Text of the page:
Annotations for Six Women of Salem : The Untold Story of the Accused and Their Accusers in the Salem Witch Trials


Baker & Taylor
"What was it like to be there and, if you were lucky, to live through it? In a compelling combination of narrative and groundbreaking historical research, Salem Witch Trial scholar Marilynne K. Roach vividly brings the terrifying times to life while skillfully illuminating the lives of the accused, the accusers, and the afflicted."--Back cover.

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Baker & Taylor
Examines the lives of six women accused of witchcraft and their accusers to illuminate the larger crisis of the Salem witch trials and what it was like to be present throughout this time in Salem's history.

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Book News
Roach presents this study of the Salem Witch Trials, focusing on six women who were accused, accusers, or both, and came from a variety of social backgrounds within the colony. The book is written in a narrative style, with both factual events and fictionalized dialogue and internal monologue reconstructed as possible from historical documents, with occasional direct quotations from the original texts. The first part introduces the six women and their place in the colony. Then, the events of the trials are recounted from January 1692 to May 1693 in segments of just over a week to several months, interweaving the stories of all six in chronological order. Finally, the aftermath in the ensuing years is presented in relation to each woman, including many calls for exoneration and the current state of knowledge regarding the ultimate fates of each woman, her family, their property and social standing. Annotation ©2014 Ringgold, Inc., Portland, OR (protoview.com)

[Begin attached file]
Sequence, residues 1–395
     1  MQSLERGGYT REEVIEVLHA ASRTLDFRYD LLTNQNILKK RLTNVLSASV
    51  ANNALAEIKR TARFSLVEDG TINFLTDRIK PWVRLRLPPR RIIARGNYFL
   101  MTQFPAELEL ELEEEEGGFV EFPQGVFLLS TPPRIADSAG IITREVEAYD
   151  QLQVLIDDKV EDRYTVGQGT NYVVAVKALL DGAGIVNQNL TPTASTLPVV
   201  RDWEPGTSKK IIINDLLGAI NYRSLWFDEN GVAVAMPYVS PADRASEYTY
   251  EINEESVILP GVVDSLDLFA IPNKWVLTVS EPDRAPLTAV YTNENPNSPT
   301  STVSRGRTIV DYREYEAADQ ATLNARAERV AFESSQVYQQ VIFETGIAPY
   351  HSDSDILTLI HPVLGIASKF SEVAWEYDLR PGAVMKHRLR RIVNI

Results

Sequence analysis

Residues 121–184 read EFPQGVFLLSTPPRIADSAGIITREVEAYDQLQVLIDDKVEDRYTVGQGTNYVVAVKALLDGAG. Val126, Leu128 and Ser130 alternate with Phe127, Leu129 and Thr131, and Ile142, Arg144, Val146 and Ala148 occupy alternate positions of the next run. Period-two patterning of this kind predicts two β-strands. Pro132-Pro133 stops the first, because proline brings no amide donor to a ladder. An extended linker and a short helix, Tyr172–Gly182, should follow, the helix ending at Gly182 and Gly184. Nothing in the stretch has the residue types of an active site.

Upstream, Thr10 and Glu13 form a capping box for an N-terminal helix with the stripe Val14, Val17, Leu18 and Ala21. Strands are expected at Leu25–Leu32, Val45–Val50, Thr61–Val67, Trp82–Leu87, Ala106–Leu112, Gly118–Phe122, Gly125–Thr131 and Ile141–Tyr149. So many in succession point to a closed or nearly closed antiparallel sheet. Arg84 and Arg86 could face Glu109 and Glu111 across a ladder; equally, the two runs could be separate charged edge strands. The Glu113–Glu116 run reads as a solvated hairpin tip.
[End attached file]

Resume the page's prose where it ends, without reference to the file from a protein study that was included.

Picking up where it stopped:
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Perseus Publishing
Six Women of Salem is the first work to use the lives of a select number of representative women as a microcosm to illuminate the larger crisis of the Salem witch trials. By the end of the trials, beyond the twenty who were executed and the five who perished in prison, 207 individuals had been accused, 74 had been ?afflicted," 32 had officially accused their fellow neighbors, and 255 ordinary people had been inexorably drawn into that ruinous and murderous vortex, and this doesn't include the religious, judicial, and governmental leaders. All this adds up to what the Rev. Cotton Mather called ?a desolation of names."

The individuals involved are too often reduced to stock characters and stereotypes when accuracy is sacrificed to indignation. And although the flood of names and detail in the history of an extraordinary event like the Salem witch trials can swamp the individual lives involved, individuals still deserve to be remembered and, in remembering specific lives, modern readers can benefit from such historical intimacy. By examining the lives of six specific women, Marilynne Roach shows readers what it was like to be present throughout this horrific time and how it was impossible to live through it unchanged.


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Perseus Publishing
A narrative that allows readers to experience the history of the Salem witch trials through the eyes of those who lived it


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